During preparations for the "GMA" Jobs Expo in Detroit, we met several job-seekers that were transitioning from one career -- many in the auto industry -- to another.
Believe it or not, there are jobs opening up across the country, but not all of them will be filled, largely because they are highly specialized and require specific training.
Getting retrained for a job might seem like a daunting task, but there are several resources out there that can be a big help.
Just ask Scott Jones who lost his job at a metal parts factory but then, at age 32, completed college and earned an associates degree in pharmacology with the help of state and federal programs.
"I'm the first person in my family to graduate with a college degree," he said. "And that is completely awesome."
Career One Stop focuses on job searching, such as assistance with applying for unemployment benefits, resume writing and access to phones, faxes, computers to assist with your search, as well as access to on-site and online skills development workshops and training programs, most of which are free.
Career Voyages is a collaboration between the U.S. Department of Labor and the U.S. Department of Education designed to provide information on high-growth, in-demand occupations along with the skills and education needed to attain those jobs. There's access to apprenticeship and certificate programs in the areas that the Bureau of Labor Statistics determines are high-growth positions for both blue-collar and white-collar workers.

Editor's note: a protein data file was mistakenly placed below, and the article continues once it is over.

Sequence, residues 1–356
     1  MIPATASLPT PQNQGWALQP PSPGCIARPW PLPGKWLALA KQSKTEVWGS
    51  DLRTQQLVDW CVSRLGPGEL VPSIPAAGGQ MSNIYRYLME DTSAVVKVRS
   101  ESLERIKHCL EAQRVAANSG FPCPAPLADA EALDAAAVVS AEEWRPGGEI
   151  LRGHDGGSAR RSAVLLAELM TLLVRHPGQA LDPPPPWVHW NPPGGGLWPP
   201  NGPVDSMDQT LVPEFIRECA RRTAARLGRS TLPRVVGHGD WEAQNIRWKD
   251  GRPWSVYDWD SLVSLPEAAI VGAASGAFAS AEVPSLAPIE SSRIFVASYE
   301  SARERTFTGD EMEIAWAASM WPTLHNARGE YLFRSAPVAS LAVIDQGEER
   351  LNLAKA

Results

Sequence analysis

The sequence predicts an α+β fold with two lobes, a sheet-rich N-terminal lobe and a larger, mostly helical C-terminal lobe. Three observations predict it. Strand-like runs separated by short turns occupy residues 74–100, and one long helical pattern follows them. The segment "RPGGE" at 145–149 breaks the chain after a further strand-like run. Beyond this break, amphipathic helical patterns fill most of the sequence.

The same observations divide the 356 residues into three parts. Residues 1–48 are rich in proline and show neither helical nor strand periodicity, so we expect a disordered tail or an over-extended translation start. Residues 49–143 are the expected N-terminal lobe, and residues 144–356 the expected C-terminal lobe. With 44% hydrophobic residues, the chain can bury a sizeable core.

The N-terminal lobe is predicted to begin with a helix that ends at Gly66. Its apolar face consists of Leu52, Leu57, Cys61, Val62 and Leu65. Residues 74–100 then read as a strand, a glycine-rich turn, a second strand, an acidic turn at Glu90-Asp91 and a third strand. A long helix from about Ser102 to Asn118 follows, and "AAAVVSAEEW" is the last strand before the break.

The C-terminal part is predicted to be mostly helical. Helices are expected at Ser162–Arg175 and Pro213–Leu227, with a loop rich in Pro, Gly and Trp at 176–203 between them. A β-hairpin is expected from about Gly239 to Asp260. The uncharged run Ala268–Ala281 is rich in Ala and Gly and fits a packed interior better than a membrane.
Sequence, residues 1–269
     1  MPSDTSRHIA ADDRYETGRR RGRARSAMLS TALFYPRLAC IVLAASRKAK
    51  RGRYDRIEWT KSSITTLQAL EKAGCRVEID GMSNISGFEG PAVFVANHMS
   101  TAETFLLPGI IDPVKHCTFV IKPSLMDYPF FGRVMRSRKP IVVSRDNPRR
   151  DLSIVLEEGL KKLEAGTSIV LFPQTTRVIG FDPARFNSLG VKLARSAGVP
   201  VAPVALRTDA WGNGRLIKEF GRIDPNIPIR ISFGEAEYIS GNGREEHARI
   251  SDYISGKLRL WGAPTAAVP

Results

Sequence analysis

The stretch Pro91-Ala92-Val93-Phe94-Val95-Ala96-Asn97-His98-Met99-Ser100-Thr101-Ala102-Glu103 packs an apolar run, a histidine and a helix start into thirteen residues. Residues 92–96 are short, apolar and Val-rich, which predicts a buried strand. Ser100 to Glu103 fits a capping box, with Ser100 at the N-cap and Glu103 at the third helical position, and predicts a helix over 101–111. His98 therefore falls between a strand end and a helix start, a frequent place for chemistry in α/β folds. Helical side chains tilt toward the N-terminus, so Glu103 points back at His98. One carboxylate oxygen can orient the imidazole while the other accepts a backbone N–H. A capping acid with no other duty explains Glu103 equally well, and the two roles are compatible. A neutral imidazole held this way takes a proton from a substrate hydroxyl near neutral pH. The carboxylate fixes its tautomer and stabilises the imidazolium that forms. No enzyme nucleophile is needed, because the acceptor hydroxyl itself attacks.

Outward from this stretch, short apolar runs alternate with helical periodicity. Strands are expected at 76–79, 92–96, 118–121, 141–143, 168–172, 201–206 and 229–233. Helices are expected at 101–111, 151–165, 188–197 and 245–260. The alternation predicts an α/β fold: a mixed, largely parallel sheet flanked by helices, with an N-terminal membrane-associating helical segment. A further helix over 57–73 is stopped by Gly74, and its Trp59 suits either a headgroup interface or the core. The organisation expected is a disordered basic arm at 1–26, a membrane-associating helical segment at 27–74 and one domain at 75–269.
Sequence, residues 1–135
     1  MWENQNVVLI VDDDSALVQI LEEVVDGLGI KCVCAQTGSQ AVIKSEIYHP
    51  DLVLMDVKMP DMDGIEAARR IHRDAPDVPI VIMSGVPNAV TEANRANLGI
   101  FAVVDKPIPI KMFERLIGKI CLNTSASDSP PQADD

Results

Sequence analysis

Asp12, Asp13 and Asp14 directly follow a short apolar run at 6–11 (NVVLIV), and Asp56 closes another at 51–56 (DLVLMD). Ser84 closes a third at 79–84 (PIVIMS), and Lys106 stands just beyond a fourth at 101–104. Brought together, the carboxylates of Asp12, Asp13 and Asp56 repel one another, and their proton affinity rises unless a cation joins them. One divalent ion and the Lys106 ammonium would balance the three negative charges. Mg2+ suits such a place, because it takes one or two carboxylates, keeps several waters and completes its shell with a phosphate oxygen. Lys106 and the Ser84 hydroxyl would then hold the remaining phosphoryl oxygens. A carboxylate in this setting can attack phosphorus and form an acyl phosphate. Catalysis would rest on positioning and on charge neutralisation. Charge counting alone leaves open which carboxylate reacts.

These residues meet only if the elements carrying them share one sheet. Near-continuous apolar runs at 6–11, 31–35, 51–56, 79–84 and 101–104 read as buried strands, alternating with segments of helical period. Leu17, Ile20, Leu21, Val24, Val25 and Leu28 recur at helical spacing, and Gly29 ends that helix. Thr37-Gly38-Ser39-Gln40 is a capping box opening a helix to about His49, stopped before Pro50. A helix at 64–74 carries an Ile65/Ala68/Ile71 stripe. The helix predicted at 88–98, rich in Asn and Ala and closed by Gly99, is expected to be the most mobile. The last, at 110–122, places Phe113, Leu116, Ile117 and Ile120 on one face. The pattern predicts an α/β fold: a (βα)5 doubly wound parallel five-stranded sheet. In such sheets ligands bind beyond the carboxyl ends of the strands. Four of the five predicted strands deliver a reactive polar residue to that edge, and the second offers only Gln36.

Jewish Vocational Service, which was founded during the Great Depression to assist immigrants with job training and placement, now operates 22 agencies throughout the country, serving nearly a half million people with a wide range of career-related services. More than 25,000 were placed in jobs last year as a result of the training they received. And JVS works with 40,000 employers of all sizes. The organization gets to know the business needs in its area and can customize training programs to meet the demands in a variety of industries.
Similar skills training and placement services are offered through Goodwill, which says it places someone in a good job every 53 seconds of every business day. There are 161 Goodwill community-based locations in the U.S. that offer job training programs in a variety of industries, including health care, hospitality, banking, information technology, computer programming and more.
When you register with temp agencies, many of them offer access to free tutorials designed to help improve the skill level of their candidates.
For example, a retired accountant who is looking to get back to work can sign up with Robert Half, which specializes in placing accounting and finance professionals, and has access to 8,000 online tutorials that cover everything from technical accounting skills to leadership and public speaking.
So, if you're working now with a temp agency, headhunter or outplacement firm, ask if it offers access to online training programs.
There are more than 1,000 community colleges in the United States that offer degrees and certifications in a range of fields. If you're considering such a school or an online university, ask about financial aid and job placement assistance. Every day, I hear from recent graduates of adult learning programs who say they're unable to turn that degree into a job offer. When I ask if they've talked to career services advisors at their schools, the answer is almost always no. Find out about employers who hire from the program, ask about the employment rate of 2008 graduates -- and consider that when deciding on a program for you.
Tory Johnson is the Workplace Contributor on ABC's "Good Morning America" and the CEO of Women For Hire. Visit her Web site at www.womenforhire.com.